Monday, November 1, 2010

Al Qaeda Threat Heightens Need to Resolve Western Sahara

It’s hard to see the United States’ faltering efforts to resolve the seemingly intractable Israeli-Palestinian dispute as a model for conflict resolution. Yet, parallels between the Middle East conflict and the Arab world’s other seemingly intractable dispute in the Western Sahara that has soured relations between Morocco and Algeria, suggest otherwise.

Resolution of the 35-year old conflict, one of Africa’s longest festering disputes, has become more urgent with the realization that lack of cooperation between North African and Sahel nations undermines efforts to stem the rise of Al Qaida’s affiliate in the region, Al Qaida in the Islamic Maghreb (AQIM). The need to align North African nations was driven home by AQIM’s brazen kidnapping in Niger in September of seven foreigners, including five Frenchmen, that threatens France's major source of uranium. Algeria, which backs Polisario, the Sahrawi liberation movement in its dispute with Morocco, last month refused to participate in a meeting in the Malian capital Bamako organized by the G8 Counter-Terrorism Action Group to discuss AQIM because of the presence of Moroccan representatives.

While there are obvious differences between the Israeli-Palestinian dispute and the conflict in the Western Sahara, similarities between the two suggest that the most recent Middle East peacemaking experience may be applicable.

At the heart of both conflicts is annexation of territory that has displaced population groups and subjected them to occupation. The parties to both conflicts pay lip service to international peace efforts but in practice act to subvert them. Both conflicts position a Western-backed ally against a liberation movement supported by influential regional powers. The United States and Europe, despite their support for the occupying power in both conflicts, pay lip service to the rights of the dispossessed.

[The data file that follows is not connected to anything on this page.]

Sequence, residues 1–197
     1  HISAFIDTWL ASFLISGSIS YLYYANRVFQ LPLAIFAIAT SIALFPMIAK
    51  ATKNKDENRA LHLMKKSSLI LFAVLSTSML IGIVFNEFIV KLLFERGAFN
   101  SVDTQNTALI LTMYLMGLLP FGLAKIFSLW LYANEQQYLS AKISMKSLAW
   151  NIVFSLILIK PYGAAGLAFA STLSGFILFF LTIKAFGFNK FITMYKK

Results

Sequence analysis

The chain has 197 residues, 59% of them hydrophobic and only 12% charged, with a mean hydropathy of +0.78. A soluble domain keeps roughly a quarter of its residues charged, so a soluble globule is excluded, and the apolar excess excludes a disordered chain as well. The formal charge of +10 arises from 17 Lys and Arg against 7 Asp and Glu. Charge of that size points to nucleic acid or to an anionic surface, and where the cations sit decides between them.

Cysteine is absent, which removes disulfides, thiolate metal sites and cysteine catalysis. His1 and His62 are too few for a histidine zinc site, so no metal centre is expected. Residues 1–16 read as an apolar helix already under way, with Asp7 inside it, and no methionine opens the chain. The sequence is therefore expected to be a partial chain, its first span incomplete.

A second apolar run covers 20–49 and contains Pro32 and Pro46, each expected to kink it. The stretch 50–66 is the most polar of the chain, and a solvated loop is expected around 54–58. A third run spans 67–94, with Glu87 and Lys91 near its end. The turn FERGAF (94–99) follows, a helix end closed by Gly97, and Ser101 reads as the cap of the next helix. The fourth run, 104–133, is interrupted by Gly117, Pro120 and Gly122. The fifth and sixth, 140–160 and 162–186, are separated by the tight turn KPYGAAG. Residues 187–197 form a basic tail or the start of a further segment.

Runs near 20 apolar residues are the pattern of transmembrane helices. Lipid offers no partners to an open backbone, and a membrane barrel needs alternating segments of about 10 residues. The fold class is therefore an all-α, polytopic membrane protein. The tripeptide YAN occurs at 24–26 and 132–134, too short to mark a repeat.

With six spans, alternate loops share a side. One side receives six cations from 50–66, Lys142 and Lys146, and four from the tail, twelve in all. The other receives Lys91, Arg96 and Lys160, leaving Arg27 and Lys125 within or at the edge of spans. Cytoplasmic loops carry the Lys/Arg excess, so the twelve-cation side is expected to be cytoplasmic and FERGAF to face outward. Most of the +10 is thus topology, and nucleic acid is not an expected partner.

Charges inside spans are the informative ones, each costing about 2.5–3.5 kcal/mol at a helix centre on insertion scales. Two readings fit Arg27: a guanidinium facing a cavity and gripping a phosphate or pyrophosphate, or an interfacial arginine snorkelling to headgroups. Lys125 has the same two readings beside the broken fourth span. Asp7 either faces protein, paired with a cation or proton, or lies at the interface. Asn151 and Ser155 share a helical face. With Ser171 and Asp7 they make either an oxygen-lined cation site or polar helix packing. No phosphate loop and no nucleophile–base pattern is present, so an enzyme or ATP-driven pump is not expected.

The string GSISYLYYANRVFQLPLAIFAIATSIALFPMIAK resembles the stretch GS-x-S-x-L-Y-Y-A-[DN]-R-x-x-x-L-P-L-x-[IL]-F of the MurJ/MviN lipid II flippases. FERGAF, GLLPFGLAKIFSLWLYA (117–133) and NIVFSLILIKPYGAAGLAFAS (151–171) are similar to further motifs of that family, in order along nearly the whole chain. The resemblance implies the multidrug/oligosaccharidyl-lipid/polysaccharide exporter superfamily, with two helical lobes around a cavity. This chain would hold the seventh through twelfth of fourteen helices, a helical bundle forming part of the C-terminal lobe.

It is these similarities that positions Middle East peacemaking as a model for preventing the festering conflict in the Sahara from playing into AQIM’s hands. The Obama’s administration message to Israel that security can only be achieved by accommodating Palestinian national aspirations is applicable to Morocco too: regional security demands a two-state solution. Morocco and the Sahrawis need to agree on a formula that balances Moroccan claims of sovereignty with Sahrawi demands for independence.

The roadmap adopted by the Middle East Quartet, which groups the United States, the European Union, the United Nations and Russia is equally applicable to the Western Sahara based on UN Security Council resolutions that call for a negotiated solution and recognition of the Sahrawi right to self-determination. A Saharan roadmap would allow the international community to empower former US diplomat and current UN envoy Chris Ross with the same mandate given to US Middle East peace negotiator George Mitchell: impose a one-year deadline within which the parties seriously negotiate a resolution of their seemingly intractable differences.

To provide the roadmap, the international community would have to come together as it did in the case of the Middle East rather than ignoring the dispute in the Sahara or adopting contradictory policies.In the past the United States was the only power seeking to bring the parties to the negotiating table with little support from its fellow council members. That is no longer a tenable situation with AQIM’s increasingly brazen operations and threats by Polisario, the Saharan liberation movement, to revive its armed struggle.

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